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'Sons of Anarchy' season finale: A great season, a great finale... with a disappointing ending?

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Sons of Anarchy finished out its superb second season with… something of a disappointment.

Before I get to my misgivings, let’s grapple with the very good stuff. The extra-long episode began [SPOILER ALERT] with the season’s two big bads, Zobelle and Westin, being set free from jail — Westin because Chuck’s testimony is deemed “unreliable” (darn those criminal convictions) and Zobelle because… he’s an FBI informant, a rat! This was an excellent, logical reveal for a guy like Zobelle, who sells out absolutely everyone including his daughter (more on her later).

ATF agent Stahl made sure this bit of info was leaked, since if her case was getting screwed up, she figured why not throw this into the volatile mix and see if she could end up getting Cameron and the gunrunners after all? So once opposing forces such as SAMCRO, Westin, and the Mayans heard this, there was lots of jostling to see who was going to prevail and who would get revenge. The scene in which SAMCRO and Mayan bikes lined opposing sides of Main Street, with Deputy Chief Hale’s cop cars sitting on the white line in the middle, was like a Western-movie showdown moment. (Geez, I can’t imagine how much the property values in Charming must have sunk over the past two seasons… )

Zobelle plans his exit strategy (great line-reading from daughter Polly: “Budapest???”) while intoning, “God will lead us to the next right place.” Meanwhile, Jax is determined to avenge Gemma’s rape by Westin, tracing him to — where else would a white supremicist take his son after they gain their freedom? — a tattoo parlor. There followed the best moment of Henry Rollins’ stint on SOA: Kissing his son with great affection, looking the little boy in the eye and telling him never to talk to cops, and then meeting his death stoically, at the hand of Jax, in a bathroom stall.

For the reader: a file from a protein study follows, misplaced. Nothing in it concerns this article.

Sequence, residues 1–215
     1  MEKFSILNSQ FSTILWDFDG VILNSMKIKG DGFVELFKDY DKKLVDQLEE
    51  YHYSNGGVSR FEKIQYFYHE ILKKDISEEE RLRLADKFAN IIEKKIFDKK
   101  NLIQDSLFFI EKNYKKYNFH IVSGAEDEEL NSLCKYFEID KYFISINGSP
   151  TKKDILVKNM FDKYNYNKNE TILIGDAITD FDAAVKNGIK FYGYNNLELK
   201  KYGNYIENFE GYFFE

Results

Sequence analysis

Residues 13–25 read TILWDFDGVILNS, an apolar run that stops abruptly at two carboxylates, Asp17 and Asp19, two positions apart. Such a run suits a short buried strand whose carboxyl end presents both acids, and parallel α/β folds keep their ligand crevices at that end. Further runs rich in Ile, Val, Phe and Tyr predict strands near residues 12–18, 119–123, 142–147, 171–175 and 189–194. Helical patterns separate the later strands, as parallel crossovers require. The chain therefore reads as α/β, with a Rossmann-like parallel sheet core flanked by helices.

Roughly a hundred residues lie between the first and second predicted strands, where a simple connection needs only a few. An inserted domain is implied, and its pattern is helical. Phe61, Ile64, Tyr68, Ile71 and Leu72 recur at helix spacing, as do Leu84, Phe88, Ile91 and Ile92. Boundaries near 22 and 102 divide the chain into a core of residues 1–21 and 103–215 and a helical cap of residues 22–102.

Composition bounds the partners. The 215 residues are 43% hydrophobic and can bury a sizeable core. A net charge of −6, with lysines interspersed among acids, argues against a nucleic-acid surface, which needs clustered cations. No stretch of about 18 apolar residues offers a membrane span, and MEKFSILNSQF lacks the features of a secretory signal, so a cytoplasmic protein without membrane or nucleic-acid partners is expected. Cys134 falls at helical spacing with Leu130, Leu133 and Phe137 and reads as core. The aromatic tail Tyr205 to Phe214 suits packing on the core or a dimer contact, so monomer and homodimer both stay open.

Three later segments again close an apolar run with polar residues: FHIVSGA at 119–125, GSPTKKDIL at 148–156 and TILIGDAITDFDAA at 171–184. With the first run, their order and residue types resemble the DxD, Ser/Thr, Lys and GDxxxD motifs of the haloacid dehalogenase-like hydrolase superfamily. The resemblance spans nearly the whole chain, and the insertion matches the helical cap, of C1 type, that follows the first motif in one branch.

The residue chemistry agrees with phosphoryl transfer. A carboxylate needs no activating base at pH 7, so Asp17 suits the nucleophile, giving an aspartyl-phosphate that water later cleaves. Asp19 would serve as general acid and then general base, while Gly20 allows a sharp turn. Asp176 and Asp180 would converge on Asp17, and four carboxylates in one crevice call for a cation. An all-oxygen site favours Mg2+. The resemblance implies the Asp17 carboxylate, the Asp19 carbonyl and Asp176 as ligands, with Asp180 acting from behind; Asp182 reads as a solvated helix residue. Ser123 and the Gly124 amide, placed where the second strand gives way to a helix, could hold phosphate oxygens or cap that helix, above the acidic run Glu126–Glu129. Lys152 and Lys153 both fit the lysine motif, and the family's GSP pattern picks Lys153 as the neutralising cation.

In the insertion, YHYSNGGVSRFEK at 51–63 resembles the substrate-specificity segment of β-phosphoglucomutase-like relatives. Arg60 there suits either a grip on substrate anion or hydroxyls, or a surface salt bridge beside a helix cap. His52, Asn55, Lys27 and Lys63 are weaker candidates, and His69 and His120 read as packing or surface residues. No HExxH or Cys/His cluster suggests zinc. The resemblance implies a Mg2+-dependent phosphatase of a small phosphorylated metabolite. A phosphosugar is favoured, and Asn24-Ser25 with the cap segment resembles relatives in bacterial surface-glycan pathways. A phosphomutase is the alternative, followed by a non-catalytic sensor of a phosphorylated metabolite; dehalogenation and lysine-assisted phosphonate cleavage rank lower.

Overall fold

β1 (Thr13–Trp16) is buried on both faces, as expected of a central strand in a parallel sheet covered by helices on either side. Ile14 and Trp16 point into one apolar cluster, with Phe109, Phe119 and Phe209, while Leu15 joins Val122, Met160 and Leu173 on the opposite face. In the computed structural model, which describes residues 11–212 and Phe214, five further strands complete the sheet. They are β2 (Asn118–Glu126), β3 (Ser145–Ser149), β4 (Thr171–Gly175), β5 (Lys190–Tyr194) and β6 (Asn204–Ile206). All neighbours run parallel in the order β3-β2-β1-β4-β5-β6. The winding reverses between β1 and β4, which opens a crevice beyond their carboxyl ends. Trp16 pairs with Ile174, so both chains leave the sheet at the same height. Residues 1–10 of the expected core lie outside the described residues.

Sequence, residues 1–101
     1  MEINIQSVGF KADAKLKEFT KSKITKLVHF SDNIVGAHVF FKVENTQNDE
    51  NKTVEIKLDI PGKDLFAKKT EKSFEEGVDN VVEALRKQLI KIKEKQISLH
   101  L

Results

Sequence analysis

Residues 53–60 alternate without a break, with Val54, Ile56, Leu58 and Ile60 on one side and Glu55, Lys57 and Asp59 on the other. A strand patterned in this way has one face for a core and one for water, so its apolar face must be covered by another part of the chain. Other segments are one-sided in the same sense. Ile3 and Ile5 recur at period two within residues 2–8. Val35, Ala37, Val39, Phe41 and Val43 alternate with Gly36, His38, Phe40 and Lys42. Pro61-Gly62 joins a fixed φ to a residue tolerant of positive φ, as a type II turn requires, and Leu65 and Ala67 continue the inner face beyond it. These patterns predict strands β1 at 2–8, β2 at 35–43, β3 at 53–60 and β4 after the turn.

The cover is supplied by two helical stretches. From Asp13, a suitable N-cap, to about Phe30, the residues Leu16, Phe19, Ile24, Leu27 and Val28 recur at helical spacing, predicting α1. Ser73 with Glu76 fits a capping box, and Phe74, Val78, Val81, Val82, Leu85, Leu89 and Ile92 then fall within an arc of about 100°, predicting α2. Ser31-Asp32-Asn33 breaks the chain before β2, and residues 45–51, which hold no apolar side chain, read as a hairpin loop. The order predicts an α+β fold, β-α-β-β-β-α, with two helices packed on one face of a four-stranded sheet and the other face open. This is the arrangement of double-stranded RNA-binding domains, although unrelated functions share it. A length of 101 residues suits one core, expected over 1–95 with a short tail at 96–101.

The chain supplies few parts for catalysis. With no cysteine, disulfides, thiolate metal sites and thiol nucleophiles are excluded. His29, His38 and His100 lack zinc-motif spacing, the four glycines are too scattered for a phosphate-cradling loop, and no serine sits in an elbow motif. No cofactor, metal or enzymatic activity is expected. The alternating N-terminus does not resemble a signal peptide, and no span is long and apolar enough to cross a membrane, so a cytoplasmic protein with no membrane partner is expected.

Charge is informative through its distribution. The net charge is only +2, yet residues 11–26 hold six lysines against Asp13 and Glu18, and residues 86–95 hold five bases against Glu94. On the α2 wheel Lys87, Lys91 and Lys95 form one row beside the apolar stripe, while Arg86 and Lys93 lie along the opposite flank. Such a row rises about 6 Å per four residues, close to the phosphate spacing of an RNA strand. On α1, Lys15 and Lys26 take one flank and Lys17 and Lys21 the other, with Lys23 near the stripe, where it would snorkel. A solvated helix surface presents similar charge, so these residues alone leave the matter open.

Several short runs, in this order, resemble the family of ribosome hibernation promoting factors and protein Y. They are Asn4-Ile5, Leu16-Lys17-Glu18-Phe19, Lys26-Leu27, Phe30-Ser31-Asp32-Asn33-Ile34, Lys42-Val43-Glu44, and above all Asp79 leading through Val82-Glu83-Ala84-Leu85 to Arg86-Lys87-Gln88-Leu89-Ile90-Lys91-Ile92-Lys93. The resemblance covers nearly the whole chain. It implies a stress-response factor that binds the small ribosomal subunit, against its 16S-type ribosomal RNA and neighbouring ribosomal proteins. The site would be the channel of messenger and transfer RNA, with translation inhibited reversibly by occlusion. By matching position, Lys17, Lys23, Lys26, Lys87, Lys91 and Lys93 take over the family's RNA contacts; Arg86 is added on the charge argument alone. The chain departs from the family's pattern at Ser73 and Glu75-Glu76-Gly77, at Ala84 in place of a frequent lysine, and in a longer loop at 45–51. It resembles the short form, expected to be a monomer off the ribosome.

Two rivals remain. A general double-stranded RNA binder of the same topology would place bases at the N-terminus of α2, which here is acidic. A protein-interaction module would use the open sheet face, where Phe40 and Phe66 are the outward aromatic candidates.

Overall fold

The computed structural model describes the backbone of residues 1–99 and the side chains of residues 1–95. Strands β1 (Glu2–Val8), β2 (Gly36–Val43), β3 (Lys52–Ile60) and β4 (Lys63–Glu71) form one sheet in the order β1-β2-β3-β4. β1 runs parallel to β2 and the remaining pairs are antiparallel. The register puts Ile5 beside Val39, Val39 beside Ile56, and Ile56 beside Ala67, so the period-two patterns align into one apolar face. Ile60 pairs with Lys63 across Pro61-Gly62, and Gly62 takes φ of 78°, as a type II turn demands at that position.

On to Cameron, still trying to save his gun operation as well as his skin and that of his son, Edmond. “Kill the ATF bitch,” father counseled son, since Eddie was being held by Stahl as Cameron-bait. In perfectly choreographed scenes by SOA creator Kurt Sutter, who wrote and directed the finale, Eddie pulled a gun on Stahl but lost his nerve. She takes the gun and shoots him, but we’re as startled as Eddie to discover the gun he’d kept hidden was filled with blanks. (Stahl and her ATF goons knew he’d secreted the piece.) He makes a run for it, and she kills him for real — but also sorta by mistake, and immediately regrets it, because he was, as I said, her bait with Cam.

Gemma, while food shopping with Tara, sees Polly, who wants to visit Eddie one last time before fleeing with her dad. Tara does her best to dissuade her, but Gemma is not falling for the line that the gang-rape made her “stronger, wiser, more compassionate.” (But you know what? It’s true. One of the great things about SOA this season is precisely that transformation in Gemma’s character.) “God has put her in my path so I can fix the part of me they ripped open,” Gemma tells Tara in a line that, coming from a lesser actress than Katey Sagal, might come off a tad melodramatic. Here, it’s not at all: Vengeance is hers. And thus we came to Sutter’s second great set piece of the night. Polly enters Eddie’s house, sees his dead body and pulls her gun. Stahl, also armed, is hiding nearby. Before she can decide what to do, Gemma enters with her own gun. You’ve got three women in a room ready to shoot: It was almost Tarrantino-esque. Gemma shoots Polly. Stahl reveals herself and (a bit improbably, given how ruthless and desperate Stahl is at this point) seems genuinely moved when Gemma tells her about Polly’s role in her gang-rape. Stahl tells Gemma to scoot “before we pick you up.” Gemma scrams.